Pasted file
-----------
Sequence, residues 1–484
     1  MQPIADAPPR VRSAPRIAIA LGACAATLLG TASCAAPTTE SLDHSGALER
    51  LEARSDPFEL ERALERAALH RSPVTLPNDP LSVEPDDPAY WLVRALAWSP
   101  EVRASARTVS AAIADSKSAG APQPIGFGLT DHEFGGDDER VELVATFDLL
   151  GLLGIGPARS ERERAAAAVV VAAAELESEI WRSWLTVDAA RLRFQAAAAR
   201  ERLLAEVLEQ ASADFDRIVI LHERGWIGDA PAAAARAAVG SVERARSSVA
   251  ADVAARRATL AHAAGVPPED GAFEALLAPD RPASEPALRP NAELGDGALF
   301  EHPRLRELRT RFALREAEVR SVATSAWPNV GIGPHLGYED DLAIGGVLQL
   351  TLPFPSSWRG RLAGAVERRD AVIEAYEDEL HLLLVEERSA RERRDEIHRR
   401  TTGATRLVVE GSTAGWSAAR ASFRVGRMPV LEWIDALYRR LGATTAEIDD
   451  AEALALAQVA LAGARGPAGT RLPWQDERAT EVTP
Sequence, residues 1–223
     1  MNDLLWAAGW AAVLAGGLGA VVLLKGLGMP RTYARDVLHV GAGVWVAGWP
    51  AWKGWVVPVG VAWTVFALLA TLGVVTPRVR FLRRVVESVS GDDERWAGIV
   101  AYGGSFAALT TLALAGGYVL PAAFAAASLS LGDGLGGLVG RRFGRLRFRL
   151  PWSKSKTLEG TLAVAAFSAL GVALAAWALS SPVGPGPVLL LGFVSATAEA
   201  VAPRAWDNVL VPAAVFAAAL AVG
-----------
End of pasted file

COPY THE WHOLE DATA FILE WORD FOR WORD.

Sequence, residues 1–484
     1  MQPIADAPPR VRSAPRIAIA LGACAATLLG TASCAAPTTE SLDHSGALER
    51  LEARSDPFEL ERALERAALH RSPVTLPNDP LSVEPDDPAY WLVRALAWSP
   101  EVRASARTVS AAIADSKSAG APQPIGFGLT DHEFGGDDER VELVATFDLL
   151  GLLGIGPARS ERERAAAAVV VAAAELESEI WRSWLTVDAA RLRFQAAAAR
   201  ERLLAEVLEQ ASADFDRIVI LHERGWIGDA PAAAARAAVG SVERARSSVA
   251  ADVAARRATL AHAAGVPPED GAFEALLAPD RPASEPALRP NAELGDGALF
   301  EHPRLRELRT RFALREAEVR SVATSAWPNV GIGPHLGYED DLAIGGVLQL
   351  TLPFPSSWRG RLAGAVERRD AVIEAYEDEL HLLLVEERSA RERRDEIHRR
   401  TTGATRLVVE GSTAGWSAAR ASFRVGRMPV LEWIDALYRR LGATTAEIDD
   451  AEALALAQVA LAGARGPAGT RLPWQDERAT EVTP
Sequence, residues 1–223
     1  MNDLLWAAGW AAVLAGGLGA VVLLKGLGMP RTYARDVLHV GAGVWVAGWP
    51  AWKGWVVPVG VAWTVFALLA TLGVVTPRVR FLRRVVESVS GDDERWAGIV
   101  AYGGSFAALT TLALAGGYVL PAAFAAASLS LGDGLGGLVG RRFGRLRFRL
   151  PWSKSKTLEG TLAVAAFSAL GVALAAWALS SPVGPGPVLL LGFVSATAEA
   201  VAPRAWDNVL VPAAVFAAAL AVG